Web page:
Empowering commuter students to embrace their own agency and be effective advocates for their own needs takes intentional effort. We asked Cathy R. Briggs, Ed.D, Dean of Student Success and Lauren Kuski, Associate Director, Programming & Administrative Operations for the Chamberlain Student Center & Campus Activities at Rowan College at Burlington County (NJ), their thoughts on how campus administrators can best empower commuter students to do just that.
“In order for our commuter students to be the most effective advocates for their own needs, we need to make sure that they feel comfortable and part of the institution community,” they said. “They need to feel welcomed, safe, and supported in expressing their feelings and advocating for change.”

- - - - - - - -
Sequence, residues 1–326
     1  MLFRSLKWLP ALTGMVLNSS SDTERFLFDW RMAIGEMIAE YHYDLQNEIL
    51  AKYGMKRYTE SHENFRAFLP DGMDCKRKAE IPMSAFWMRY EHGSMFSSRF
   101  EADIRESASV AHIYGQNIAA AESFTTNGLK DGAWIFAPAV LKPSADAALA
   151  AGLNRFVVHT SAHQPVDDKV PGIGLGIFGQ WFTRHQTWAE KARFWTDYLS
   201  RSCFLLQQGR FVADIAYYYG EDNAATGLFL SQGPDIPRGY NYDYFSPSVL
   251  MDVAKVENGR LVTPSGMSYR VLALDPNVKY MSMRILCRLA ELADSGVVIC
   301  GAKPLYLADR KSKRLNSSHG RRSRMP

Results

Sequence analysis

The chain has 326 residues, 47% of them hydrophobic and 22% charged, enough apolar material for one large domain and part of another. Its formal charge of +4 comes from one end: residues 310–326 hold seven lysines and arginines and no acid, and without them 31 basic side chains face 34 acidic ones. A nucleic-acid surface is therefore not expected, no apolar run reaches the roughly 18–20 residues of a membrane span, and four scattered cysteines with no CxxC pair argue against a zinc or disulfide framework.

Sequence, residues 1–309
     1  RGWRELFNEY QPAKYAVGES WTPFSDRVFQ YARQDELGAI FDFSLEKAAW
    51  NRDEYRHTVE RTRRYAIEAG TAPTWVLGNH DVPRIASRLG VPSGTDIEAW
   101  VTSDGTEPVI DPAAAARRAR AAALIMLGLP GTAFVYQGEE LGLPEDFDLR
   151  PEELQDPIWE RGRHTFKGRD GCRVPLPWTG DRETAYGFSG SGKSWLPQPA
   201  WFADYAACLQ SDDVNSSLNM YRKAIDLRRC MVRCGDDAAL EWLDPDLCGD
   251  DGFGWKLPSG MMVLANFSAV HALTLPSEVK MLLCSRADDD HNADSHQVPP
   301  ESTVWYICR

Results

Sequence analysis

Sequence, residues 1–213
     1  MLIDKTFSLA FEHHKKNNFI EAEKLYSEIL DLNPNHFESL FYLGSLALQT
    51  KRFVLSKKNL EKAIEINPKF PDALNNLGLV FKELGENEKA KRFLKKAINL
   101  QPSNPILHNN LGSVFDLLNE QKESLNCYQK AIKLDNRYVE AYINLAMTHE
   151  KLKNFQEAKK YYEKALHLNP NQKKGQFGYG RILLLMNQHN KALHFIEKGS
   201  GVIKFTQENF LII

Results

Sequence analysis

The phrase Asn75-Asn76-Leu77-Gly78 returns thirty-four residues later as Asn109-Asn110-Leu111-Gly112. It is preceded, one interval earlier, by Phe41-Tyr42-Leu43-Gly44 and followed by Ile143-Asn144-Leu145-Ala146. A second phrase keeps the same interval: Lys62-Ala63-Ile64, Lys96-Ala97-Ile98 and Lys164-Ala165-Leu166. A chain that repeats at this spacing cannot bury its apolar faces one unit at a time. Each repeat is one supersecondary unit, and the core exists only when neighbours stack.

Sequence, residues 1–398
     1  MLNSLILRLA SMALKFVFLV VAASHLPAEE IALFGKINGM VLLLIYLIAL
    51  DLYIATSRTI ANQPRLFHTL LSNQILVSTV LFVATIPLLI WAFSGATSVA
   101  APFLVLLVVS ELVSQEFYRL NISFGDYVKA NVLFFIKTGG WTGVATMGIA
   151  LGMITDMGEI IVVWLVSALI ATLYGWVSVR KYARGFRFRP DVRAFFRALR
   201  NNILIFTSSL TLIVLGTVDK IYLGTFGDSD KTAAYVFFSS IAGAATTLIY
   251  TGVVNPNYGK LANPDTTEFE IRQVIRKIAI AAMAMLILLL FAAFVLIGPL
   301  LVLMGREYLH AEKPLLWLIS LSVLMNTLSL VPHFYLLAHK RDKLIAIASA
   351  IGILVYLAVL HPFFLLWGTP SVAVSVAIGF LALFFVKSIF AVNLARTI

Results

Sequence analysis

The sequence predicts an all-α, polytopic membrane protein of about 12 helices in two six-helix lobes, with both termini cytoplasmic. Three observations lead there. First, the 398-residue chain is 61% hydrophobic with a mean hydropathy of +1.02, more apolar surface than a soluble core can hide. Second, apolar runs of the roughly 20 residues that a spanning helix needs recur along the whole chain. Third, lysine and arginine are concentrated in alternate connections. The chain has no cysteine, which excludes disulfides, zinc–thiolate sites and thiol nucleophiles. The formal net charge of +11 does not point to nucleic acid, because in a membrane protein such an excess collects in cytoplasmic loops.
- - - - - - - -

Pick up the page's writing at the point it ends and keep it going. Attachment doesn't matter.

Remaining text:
“There are many ways to support our students and effectively empower them to advocate for their own needs,” they continued. “We can do this by making sure our students have access to basic support systems, such as financial aid, food, paid employment opportunities, etc. Then, we’d like to make sure they are connected to a community, whether that’s a student organization, an on-campus department or office, or a supportive mentor that can provide connection to the larger community. Finally, we need to provide our students opportunities to engage in opportunities to advocate for their own needs – this could be hosting open forums or listening tours, funding students to host their own program, facilitating focus groups to evaluate services provided, or creating support for starting a student club or organization.”
To learn more from Lauren and Cathy, join us for the On-Demand Training Commuter Students: Create Connection Points That Overcome Barriers for Engagement.